Youth Fantasies: The Perverse Landscape of the Media
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Youth Fantasies is a collection of studies conducted in cross-cultural collaboration over the past ten years that theorizes 'youth fantasy'; as manifested through the media of TV, film, and computer games. Unlike other media studies and education books, the authors employ both Lacanian and Kleinian psychoanalytic concepts to attempt to make sense of teen culture and the influence of mass media. The collection includes case studies of X-Files fans, the influence of computer games and the 'Lara Croft' phenomenon, and the reception of Western television by Tanzanian youth. The authors see this book as a much needed reconciliation between cultural studies and Lacanian psychoanalysis, and attempt to highlight why Lacan is important to note when exploring youth fantasy and interest in the media, especially in shows like X-Files .
health and welfare). These dynamics remain internal to the logic of capitalism itself (Zizek 1989, 22–23). From a Marxist viewpoint, of course, capitalism was yet another form of exploitation that did have its “progressive” moment as the middle class pulled itself away from Church and royalty, developing various forms of a democratic nation-state. But its progress stagnated into monopoly capitalism and imperialism when it claimed its ideology pour-tous. It was not until 1833 that child labor laws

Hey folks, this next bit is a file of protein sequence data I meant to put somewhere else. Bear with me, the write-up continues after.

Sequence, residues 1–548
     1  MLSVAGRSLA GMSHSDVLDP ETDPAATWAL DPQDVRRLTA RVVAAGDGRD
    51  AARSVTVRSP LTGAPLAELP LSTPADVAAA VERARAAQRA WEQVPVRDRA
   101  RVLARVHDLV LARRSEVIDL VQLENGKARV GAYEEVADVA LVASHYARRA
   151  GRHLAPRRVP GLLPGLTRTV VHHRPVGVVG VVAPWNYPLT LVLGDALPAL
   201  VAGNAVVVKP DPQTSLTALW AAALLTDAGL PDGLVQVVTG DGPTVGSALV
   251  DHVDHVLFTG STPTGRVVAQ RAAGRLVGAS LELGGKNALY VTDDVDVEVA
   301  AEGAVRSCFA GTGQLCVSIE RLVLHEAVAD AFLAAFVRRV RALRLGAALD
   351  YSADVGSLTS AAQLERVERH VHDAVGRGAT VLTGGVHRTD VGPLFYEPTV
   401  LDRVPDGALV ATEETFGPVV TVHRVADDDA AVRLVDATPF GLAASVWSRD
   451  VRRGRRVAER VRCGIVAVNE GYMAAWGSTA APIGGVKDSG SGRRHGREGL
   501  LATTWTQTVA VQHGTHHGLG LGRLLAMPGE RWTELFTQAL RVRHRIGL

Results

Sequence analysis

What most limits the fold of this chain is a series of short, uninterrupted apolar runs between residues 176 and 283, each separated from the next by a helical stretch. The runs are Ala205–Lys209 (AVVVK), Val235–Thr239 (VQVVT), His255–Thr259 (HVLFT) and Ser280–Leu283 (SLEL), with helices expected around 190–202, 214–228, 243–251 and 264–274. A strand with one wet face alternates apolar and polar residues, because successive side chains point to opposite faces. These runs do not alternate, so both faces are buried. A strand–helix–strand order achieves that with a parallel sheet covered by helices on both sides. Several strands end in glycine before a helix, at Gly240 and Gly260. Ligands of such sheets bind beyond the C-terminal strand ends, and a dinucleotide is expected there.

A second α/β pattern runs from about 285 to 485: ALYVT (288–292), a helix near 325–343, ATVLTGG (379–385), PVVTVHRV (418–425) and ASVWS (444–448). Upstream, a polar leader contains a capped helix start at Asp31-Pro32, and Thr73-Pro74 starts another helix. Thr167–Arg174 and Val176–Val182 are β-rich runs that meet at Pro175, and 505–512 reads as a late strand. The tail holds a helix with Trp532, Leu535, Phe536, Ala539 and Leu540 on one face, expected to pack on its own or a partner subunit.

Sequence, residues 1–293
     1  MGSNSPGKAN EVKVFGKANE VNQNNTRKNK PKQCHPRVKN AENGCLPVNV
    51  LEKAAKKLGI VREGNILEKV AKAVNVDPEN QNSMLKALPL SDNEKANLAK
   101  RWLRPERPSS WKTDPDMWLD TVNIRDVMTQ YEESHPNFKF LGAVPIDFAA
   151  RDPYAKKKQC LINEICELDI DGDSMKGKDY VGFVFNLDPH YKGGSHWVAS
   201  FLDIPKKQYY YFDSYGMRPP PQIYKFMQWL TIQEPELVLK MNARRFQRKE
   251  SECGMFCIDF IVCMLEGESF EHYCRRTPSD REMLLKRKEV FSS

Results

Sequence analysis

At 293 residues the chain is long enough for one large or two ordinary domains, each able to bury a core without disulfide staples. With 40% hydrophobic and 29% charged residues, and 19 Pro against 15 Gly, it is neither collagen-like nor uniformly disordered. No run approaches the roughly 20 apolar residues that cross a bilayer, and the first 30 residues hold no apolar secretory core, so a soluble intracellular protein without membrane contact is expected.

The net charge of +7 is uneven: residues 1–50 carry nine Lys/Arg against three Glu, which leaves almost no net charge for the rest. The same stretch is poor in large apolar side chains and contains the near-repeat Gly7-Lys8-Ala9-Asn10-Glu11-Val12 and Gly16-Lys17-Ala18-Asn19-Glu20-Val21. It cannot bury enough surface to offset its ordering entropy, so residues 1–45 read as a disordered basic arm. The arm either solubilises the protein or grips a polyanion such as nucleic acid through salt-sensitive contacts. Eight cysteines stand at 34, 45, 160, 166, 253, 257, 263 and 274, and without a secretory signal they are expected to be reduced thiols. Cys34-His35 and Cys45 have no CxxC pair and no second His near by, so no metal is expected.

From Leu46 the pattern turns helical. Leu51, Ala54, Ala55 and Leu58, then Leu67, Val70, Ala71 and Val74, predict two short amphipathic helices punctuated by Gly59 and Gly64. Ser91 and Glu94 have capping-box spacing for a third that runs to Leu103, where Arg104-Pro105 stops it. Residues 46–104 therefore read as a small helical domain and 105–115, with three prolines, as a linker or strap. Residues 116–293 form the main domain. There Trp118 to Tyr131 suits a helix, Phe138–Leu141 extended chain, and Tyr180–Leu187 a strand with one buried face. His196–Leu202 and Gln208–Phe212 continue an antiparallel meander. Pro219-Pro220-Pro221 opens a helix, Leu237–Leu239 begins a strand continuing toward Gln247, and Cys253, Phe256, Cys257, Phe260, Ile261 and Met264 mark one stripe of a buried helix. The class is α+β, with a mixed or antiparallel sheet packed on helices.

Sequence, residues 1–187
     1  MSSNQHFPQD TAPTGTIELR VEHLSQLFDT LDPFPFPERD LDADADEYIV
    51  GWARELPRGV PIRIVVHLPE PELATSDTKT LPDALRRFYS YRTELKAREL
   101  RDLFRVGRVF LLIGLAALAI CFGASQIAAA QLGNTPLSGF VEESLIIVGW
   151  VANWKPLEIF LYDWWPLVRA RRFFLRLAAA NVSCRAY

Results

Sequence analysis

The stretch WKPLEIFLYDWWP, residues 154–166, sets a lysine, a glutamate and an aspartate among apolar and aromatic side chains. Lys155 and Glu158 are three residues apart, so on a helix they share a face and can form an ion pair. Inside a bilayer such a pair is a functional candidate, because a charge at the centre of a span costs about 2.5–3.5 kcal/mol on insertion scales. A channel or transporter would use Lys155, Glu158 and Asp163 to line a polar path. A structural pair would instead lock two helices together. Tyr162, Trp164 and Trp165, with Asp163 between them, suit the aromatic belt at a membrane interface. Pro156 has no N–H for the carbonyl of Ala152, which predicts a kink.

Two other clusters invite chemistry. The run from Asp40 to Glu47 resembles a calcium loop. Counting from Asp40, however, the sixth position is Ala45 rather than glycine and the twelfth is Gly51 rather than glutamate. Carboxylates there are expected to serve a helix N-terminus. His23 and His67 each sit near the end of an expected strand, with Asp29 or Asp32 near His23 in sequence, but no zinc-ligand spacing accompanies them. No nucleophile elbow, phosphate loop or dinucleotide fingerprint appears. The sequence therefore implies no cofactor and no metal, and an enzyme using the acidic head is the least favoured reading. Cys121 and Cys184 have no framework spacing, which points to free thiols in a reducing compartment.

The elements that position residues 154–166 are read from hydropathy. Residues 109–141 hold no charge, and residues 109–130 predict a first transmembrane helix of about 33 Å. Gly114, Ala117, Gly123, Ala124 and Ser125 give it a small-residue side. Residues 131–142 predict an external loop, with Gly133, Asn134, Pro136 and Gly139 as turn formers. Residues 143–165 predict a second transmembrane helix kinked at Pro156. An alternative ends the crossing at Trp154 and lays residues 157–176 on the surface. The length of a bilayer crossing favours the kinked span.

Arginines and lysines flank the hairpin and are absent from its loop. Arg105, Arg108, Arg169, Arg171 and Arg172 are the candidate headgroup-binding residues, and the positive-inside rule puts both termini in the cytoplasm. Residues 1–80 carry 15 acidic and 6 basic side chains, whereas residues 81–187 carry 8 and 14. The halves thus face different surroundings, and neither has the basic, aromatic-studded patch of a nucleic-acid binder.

the shit that both of them had to “eat” daily as an old lowly paid Putzfrau married to a virile Moroccan Gastarbeiter some 30 years her junior. As a touchstone with Winnicottian object relations theory, one may liken these objects (hotel, caviar, Châteaubriand) to “transitional objects” in the sense that such objects of desire hold an identification and a disidentification 44 Youth Fantasies in their bodily affectivity; they blink on and off in their fascination for us. In youth cultures what
Cameron Crowe’s Almost Famous (2000). This is the unresolvable tension that leads to collapse, in Lane’s case, to swallowing pills in a suicide attempt. Lane was the leader of a group of young women who called themselves “Band Aids” rather than “groupies,” preserving the fantasy that they were indeed objet a for the Other, a passive narcissistic desire because they were dedicated to a “specific” band. Our companion book, Musical Fantasies of Youth Cultures introduces a new figure of the fan on
fantasy can bring; becoming too self-assured when performing a superheroic feat that is imitated in a film sequence, which can equally result in injury or possible death. A number of high school boys, for example, imitated a scene from David Ward’s The Program (1993) where a frosh initiation for a university football team consisted in a test of bravery. A team member would lie down on the white line in the middle of the road during rush-hour traffic and allow cars to speed by in both directions
vicious circulation between real and faked violence. Contra to Freedman’s (2002) warning, they repeat the standard mantra that “thousands of studies have demonstrated the connection between TV violence and real-life crime (268),” listing the usual claims of desensitization and victimization of TV effects. They support biblical theologians like Walter Wink (2001) who believes that the myths of “redemptive violence” are simply reinforcing “lawless solutions” in comic books and TV cartoons. The